National Velvet

Directed By: Clarence Brown

Starring: Mickey Rooney, Donald Crisp, Elizabeth Taylor, Anne Revere, Angela Lansbury, Reginald Owen, and Terry Kilburn

When you hear the word "racing" these days, you're more likely to think of the thrilling car chases in the enormous Fast and Furious franchise rather than the thoroughbred racing films which dominated the genre for the first half of the twentieth century.  Some of those films focused on the politics behind racing, such as the 1939 Long Shot, and others, like the later Let It Ride, follow the people who chance their luck on favourable betting odds.  There is one particular film, however, which stands head, shoulders and withers above any other movie of its time - and in fact any racing movie since - and all because it's about a girl's love for her horse.  The film?  National Velvet.  I'm not the only one to love this MGM classic: in 2003 it was chosen by the Library of Congress to be preserved in the National Film Registry on account of it being "culturally, historically, or aesthetically significant".  Based on the book by Enid Bangold, the film catapulted the then 12 year-old Elizabeth Taylor into stardom.  Mickey Rooney, as the reluctant trainer, scored top billing but, as any racehorse lover will tell you, the real star of the film is the spirited gelding himself: the Pie.

The movie begins with Rooney's drifter Mi, armed only with his deceased father's address book and the backpack containing his Habseligkeiten, strolling along the picturesque coast of Sussex in search of "Mrs. Herbert Brown".  Before he can locate this stranger he is coincidentally discovered on the road by Mrs. Brown's youngest daughter, Violet, and there the two of them first set eyes on Pirate.  So-called for his tempestuous nature, the chestnut Pirate charges onto the screen and captivates his spectators.  Mrs. Brown later arranges an apprenticeship in her husband's shop for Mi and, despite his ambivalence towards horses becoming ever more apparent, he soon finds himself enrolled in Violet's plan to enter Pirate, or "the Pie", into the Grand National, the British steeplechasing equivalent of the Kentucky Derby betting favourite.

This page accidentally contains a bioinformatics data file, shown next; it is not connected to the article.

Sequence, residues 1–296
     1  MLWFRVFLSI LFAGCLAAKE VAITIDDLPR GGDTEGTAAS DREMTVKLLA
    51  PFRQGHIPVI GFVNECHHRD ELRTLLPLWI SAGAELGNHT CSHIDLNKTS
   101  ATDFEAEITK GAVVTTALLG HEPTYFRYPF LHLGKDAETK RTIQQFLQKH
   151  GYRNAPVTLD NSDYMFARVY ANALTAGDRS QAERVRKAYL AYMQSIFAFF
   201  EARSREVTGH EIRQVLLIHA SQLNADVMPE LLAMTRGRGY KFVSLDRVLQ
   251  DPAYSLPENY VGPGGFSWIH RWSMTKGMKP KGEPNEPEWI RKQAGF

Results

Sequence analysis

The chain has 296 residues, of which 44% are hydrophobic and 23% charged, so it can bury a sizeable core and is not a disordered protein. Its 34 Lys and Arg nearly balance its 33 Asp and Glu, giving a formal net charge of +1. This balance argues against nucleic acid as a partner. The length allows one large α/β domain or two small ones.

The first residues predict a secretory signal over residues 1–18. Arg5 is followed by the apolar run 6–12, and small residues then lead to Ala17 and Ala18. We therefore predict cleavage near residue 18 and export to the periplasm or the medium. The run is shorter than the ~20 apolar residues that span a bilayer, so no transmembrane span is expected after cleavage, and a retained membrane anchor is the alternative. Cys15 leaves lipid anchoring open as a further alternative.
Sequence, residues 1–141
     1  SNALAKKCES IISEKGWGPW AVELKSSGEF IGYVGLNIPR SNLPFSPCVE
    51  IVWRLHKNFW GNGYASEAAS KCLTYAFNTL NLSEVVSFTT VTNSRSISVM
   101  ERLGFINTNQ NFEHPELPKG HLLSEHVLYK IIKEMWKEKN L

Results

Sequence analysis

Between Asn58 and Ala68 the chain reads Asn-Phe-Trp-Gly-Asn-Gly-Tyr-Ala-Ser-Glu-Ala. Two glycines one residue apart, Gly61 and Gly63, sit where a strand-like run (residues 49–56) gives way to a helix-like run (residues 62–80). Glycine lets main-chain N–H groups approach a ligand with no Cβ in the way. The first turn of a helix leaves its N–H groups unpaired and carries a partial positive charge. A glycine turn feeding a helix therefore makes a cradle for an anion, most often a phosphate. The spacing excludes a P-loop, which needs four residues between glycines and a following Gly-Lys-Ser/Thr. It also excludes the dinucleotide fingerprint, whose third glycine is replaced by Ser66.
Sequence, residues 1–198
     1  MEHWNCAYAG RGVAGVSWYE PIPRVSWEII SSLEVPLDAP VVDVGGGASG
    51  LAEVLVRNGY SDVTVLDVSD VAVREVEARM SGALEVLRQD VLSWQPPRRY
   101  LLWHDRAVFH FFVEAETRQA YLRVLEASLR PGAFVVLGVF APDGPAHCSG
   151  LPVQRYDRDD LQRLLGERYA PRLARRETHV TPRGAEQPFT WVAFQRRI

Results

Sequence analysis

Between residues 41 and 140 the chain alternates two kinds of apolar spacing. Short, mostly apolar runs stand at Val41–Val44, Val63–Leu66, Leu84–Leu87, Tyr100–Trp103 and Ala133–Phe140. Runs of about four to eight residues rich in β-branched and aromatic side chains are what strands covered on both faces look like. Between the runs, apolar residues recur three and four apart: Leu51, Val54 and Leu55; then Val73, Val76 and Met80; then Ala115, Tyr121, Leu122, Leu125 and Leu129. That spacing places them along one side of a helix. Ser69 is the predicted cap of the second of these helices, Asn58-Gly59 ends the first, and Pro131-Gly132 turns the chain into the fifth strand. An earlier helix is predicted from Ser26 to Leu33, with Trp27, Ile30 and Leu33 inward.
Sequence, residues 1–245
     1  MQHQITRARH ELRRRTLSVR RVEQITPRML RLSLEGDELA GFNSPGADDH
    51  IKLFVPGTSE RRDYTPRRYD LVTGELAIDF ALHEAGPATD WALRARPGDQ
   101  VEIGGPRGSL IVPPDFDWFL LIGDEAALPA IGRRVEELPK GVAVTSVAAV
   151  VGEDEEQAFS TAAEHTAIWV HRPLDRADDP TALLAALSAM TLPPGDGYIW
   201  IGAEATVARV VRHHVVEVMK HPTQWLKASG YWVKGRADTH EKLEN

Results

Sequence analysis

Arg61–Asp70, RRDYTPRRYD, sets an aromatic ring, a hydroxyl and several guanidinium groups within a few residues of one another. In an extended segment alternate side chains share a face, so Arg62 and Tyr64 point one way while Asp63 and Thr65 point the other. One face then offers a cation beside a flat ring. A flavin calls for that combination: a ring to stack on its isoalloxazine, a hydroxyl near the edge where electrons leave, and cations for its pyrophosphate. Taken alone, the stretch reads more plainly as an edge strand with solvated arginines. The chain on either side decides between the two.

With the excitement of training for horse racing live before you, there is time to fully explore Mi's racing background, which has given him the encyclopedic mind of a dedicated racing website such as  The Browns are charming, engaging parents, giving support and sagacity in equal measure, and Velvet's siblings (which include a dewey-eyed Angela Lansbury, more famous now for her turns in Murder, She Wrote and Beauty and the Beast) provide light relief from the difficulties of preparing a horse for such an arduous race.

Racing enthusiasts will see many facets of the industry through this film, from jockey regulation through to betting in the days before sites like existed to tell you how to judge a winner.  Even if you're not so keen on racing, this film is as much about finding your identity, chasing your dreams and confronting your fears as it is a young girl's heartbeat-skipping love for her Pie and is a testament to what the qualities of trust and dedication can motivate you to accomplish.

Filmed long before the advent of high definition and contemporary technologies, the film remains bright and vivid, with gorgeous, saturated Technicolor and a rousing, optimistic score to match.  Despite the Grand National being a distinctly British occasion, commentators remark that entrants come from around the world, and you can bet America was as well represented in the race as it was in the cast, resulting in that familiar transatlantic sound of early films which somehow seems to make them even more lovely and comforting and full of rich sentiment.

I won't reveal the horseracing results or any of the twists along the way. If you're not familiar with this family-friendly and feel-good movie then you should find a copy and let your heart melt. This is the perfect film for the rainy day when horse lovers can't get out in the field and, even if you're not the horsey type, and you're concerned about suffering through an equine movie for the sake of your pony-loving child, don't worry: you're going to fall in love too.